I was going through press releases and ran across an announcement about the Open Text earnings release later this week. Something caught my eye in the text that may be more relevant now than ever. Since the acquisition of Hummingbird in 2006, they have been using the tag line “Largest Independent Provider of ECM Software.” All of the industry reports make a point to pick up and push this message on their behalf but these days it seems more of weather worn “For Sale” sign than a business strategy.
Independence is great, as long as it is sustainable against competition with one’s own resources. Open Text has a great product. Actually, they have a lot of them. Rather than expanding LiveLink into other ECM patterns, they’ve been browsing through the product markets picking up core components attempting to consolidate them into a single product family. The acquisition of an archiving system (IXOS), a DAM product (Artesia), a WCM (RedDot via Hummingbird) and another ECM (Hummingbird proper) have certainly added to their customer list but has the strategy in the end made it less attractive to acquisition?
Who is Open Text really independent of anyway? They need an O/S, hardware, a DBMS, a search engine, etc.. Independence is an illusion of marketing looking for differences in product lines that essentially seek to solve the same problems in the same way as their competition. There just aren’t that many differences in core technology once you choose between .Net or Java. Real differences such as cost, access to resources, and consistency in deployments across solutions are not necessarily better served by not having a relationship between the ECM applications and core infrastructure.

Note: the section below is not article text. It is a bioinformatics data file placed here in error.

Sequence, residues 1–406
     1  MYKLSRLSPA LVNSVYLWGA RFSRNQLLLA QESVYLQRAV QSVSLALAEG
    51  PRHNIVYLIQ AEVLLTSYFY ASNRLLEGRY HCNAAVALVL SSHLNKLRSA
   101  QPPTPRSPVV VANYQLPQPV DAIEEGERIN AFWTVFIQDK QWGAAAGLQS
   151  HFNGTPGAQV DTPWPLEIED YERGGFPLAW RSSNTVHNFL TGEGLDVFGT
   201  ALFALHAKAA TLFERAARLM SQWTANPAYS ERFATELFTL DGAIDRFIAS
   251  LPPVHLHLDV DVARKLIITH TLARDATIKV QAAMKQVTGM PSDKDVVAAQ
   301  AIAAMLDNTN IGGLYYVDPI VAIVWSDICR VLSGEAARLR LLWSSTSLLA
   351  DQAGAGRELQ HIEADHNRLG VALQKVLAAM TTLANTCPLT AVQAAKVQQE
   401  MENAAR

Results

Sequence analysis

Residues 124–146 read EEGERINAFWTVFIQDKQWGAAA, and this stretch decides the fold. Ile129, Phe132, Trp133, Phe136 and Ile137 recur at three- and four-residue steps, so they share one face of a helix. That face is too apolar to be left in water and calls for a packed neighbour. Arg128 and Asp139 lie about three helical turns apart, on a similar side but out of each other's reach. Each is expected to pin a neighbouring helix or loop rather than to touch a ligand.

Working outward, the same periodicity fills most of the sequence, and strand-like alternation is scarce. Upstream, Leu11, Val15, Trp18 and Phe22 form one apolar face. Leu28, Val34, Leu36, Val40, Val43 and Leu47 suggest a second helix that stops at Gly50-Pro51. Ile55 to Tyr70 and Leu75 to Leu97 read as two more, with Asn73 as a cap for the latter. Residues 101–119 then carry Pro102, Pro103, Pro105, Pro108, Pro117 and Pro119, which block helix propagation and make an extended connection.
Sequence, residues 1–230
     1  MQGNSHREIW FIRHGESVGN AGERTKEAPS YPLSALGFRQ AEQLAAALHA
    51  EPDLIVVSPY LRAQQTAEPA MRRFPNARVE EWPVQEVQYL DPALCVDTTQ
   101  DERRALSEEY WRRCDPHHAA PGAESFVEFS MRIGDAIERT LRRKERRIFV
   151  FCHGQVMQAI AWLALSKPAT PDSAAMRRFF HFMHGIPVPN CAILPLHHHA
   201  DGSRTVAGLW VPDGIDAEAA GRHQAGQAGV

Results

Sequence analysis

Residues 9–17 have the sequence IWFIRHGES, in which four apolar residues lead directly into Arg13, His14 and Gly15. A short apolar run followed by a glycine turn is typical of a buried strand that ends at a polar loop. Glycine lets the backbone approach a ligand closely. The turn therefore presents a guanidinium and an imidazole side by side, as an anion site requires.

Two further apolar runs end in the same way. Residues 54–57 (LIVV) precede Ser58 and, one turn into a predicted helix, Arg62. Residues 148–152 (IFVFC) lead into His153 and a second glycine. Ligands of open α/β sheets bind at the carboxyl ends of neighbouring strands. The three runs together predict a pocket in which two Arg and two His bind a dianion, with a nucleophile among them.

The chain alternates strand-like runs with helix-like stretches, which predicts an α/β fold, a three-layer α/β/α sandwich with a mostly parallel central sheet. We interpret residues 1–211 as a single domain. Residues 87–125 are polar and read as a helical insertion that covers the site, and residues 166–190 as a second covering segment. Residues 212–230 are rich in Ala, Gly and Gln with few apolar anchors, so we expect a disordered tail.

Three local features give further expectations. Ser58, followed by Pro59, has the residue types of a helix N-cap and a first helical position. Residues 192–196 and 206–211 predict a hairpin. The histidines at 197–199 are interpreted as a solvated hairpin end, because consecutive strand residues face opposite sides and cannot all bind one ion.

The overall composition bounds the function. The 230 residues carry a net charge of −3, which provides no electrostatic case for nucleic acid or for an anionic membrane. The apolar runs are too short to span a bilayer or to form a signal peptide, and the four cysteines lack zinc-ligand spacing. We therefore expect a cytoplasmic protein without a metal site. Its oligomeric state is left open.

Unfortunately for OT, there may not be anybody that would be interested in taking in the blended family they have assembled. Oracle’s acquisition of Stellent probably closed the door on the best option they had. SAP may go shopping but this does not seem to be the direction they are taking for this component of their offering. SAP shed their interest in IXOS just prior to the Open Text deal. The business application giant’s more recent work in Knowledge Management and NetWeaver does not seem to suggest that the hodgepodge that is Open Text would serve their traditionally pragmatic approach.
When one looks at the competitive landscape, SharePoint seems to represent a greater threat to Open Text’s flagship LiveLink than it does to any of the offerings from IBM or EMC (with the possible exception of eRoom). With this in mind, it is impossible to believe that a serious offer to acquire Open Text wouldn’t be jumped on and independence would cease to be all that important. I imagine that someone may one day walk down the tables at the ECM Flea Market, looking to pick up this function or that capability and decide that acquiring Open Text would give them everything they need to claim Enterprise Content Management as an offering. If not, then being independent will mean beating SharePoint in the market place rather than serving it as the current strategy implies. Time will tell if that’s possible. Do it well enough – and maybe Microsoft will buy it.